The Japanese community has come far in implementing the hydrogen economy and therefore has a stronger research competence and experience related to gaseous hydrogen as an energy carrier compared to Norway.
In important aspect of is this is the safety. This includes to control the harmful influence that hydrogen may have on metallic materials, causing a deterioration in the mechanical properties which increases the risk of fracture and gas leakage.
Therefore, with the vision of hydrogen as one of the main energy carriers in the future, the detrimental effects that atomic hydrogen from hydrogen gas may have on metallic materials, must be better understood and measured.
Kyushu University and AIST in Fukuoka, Japan have world leading research groups on this research topic, and for the last 12 years SINTEF and NTNU have gradually developed a strong collaboration with these groups through RCN projects and PhD visits to Japan.
H2NINJA is linked to four on going RCN research projects related to the hydrogen-materials topic. The project will be a key in the continued building of excellence together with Japan through activities that are not part of these projects as development of student courses and graduate student exchange. Furthermore, it will allow for increased exchange of PhD candidates and researchers, and an increased number of co-publications and joint workshops.
Through H2NINJA we will therefore gain an even stronger relation between Norway and Japan on the topic of hydrogen and materials. Competence exchange and competence building both in academia and industry will help ease the transition to hydrogen as an energy carrier in Norway as well as strengthen the research relations between Japan and Norway in general.
With the vision of Hydrogen as one of the main energy carriers in the future, the detrimental effects that atomic Hydrogen from Hydrogen gas has on metallic materials, must be better understood and quantitatively estimated to ensure a safe and economical implementation of the Hydrogen Economy.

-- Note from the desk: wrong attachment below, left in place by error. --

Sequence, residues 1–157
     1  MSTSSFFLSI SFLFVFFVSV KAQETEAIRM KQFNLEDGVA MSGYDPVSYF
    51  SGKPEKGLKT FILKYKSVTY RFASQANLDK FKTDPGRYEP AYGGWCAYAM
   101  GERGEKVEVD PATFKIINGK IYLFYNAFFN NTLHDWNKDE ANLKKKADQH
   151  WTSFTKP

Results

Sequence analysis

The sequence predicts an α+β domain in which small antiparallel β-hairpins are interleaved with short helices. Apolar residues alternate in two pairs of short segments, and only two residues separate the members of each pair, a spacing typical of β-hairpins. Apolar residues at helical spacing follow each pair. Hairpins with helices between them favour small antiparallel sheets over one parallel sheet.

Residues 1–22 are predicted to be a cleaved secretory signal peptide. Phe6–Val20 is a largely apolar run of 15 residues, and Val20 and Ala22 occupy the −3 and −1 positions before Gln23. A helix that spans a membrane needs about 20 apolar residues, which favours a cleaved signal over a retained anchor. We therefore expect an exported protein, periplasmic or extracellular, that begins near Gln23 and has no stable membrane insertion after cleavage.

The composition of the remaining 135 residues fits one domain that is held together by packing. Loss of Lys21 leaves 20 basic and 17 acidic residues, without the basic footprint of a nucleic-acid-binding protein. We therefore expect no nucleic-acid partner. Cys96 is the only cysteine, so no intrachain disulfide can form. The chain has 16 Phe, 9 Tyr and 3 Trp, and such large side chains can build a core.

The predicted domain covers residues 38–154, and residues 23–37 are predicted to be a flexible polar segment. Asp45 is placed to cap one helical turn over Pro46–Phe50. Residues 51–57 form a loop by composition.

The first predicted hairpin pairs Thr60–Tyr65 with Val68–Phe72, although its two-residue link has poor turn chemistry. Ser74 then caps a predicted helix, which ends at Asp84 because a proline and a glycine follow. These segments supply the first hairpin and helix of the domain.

While both Japan and Norway has high competence on the topic, the Japanese community has come further in implementing the Hydrogen economy and thus has a stronger research competence and experience with atomic Hydrogen from pressurized H2-gas. SINTEF and NTNU on the other hand, have through a long-standing cooperation with the oil & gas sector, developed research competence on Hydrogen effects stemming from welding and from electrochemical processes such as corrosion and CP, which ensures complementarity to the project team.
As Norway prepares for the Hydrogen Economy including transport of H2 gas, education and research collaboration with Kyushu University and AIST HydroMate, world leading partners on the core research topic, represents a huge potential upside for the national competence level and scientific excellence in education and research.
With the H2-NINJA project, the partners will significantly expand and structure the existing collaboration with respect to, developing joint master courses, graduate student exchange, co-publications and joint workshops. Through the role that Kyushu University with AIST HydroMate have as an international hub for hydrogen-materials research, it will significantly improve the basis for planning joint projects initiatives for national and international funding schemes and ensure strong and long-lasting international collaboration.